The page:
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Economy predicted to grow at 8%
( 2003-07-04 09:26) (China Daily)

China's economy will still grow at 8 per cent this year despite the impact of SARS, according to the latest report released by the Chinese Academy of Social Sciences (CASS).

SARS (severe acute respiratory syndrome) will slow growth in gross domestic product (GDP) by no more than 1 per cent, said CASS economic experts in the analysis of China's post-SARS economic development.

But the experts have lowered targets for this year's GDP growth from 8.6 per cent to 8 per cent.

The report said the influence of SARS on China's social and economic development is more minor than the impact of the Asian financial crisis in 1997. And it will be easier to overcome than the Asian meltdown or the September 11 terrorist attacks in the United States in 2001.

"What SARS really hurt in China's economy were the sectors which were already problematic,'' said Gao Huiqing, an expert with the State Information Centre.

For example, the epidemic cut turnover in parts of the country's service sector by up to 65.1 per cent in May, according to the National Bureau of Statistics.

But the virus did little damage to agricultural and manufacturing sectors, according to Gao.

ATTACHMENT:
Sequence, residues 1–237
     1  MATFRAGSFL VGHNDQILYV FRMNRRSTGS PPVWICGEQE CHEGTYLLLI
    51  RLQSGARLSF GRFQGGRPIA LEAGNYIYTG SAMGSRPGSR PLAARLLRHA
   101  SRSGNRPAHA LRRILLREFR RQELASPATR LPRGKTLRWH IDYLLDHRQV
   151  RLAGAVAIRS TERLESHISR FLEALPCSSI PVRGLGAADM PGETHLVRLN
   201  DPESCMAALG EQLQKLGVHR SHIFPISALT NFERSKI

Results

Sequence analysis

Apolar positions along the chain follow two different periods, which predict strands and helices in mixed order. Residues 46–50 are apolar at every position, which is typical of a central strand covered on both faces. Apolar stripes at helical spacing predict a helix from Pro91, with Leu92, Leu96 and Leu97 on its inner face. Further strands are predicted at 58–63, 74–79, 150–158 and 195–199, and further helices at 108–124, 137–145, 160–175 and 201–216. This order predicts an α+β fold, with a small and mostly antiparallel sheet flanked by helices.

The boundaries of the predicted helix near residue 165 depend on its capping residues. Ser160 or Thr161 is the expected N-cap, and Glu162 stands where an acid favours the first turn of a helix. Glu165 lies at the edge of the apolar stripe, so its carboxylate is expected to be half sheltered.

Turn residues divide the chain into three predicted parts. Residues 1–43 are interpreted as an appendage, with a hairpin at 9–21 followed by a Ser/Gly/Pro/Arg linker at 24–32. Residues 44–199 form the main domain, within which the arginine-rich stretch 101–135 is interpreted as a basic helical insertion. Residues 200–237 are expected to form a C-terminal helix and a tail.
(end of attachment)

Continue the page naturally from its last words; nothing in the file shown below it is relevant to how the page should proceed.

The CASS report said China's capital investment in fixed assets is expected to grow 14.5 per cent this year, higher than the average growth rate since 1996. The per capita disposable income of China's urban and rural residents will increase by 7.9 per cent and 3.7 per cent respectively.

The analysis predicts that the country's total export volume will exceed import volume by US$10 billion this year.

Gao said he believes the number of export orders and amount of contracted overseas capital coming to China in the third quarter will offset the losses in the second quarter.

However, the CASS report said the pressure caused by SARS on China's employment and finances cannot be ignored.

The spread of SARS made it harder for China to create new jobs, it said.

Statistics show that 24 million new jobs are needed in 2003 in China -- 10 million for labourers in urban areas, 6 million for laid-off workers from State-and collectively-owned enterprises, and 8 million for registered jobless people. At present there are only 10 million new job opportunities available.

To compound the situation, there are another 100 million employable labourers in the countryside.

CASS economists urged the government to save enterprises in difficulty by reducing taxes and fees and adopting other measures, such as offering aid to select industries and enterprises to protect workers' incomes.

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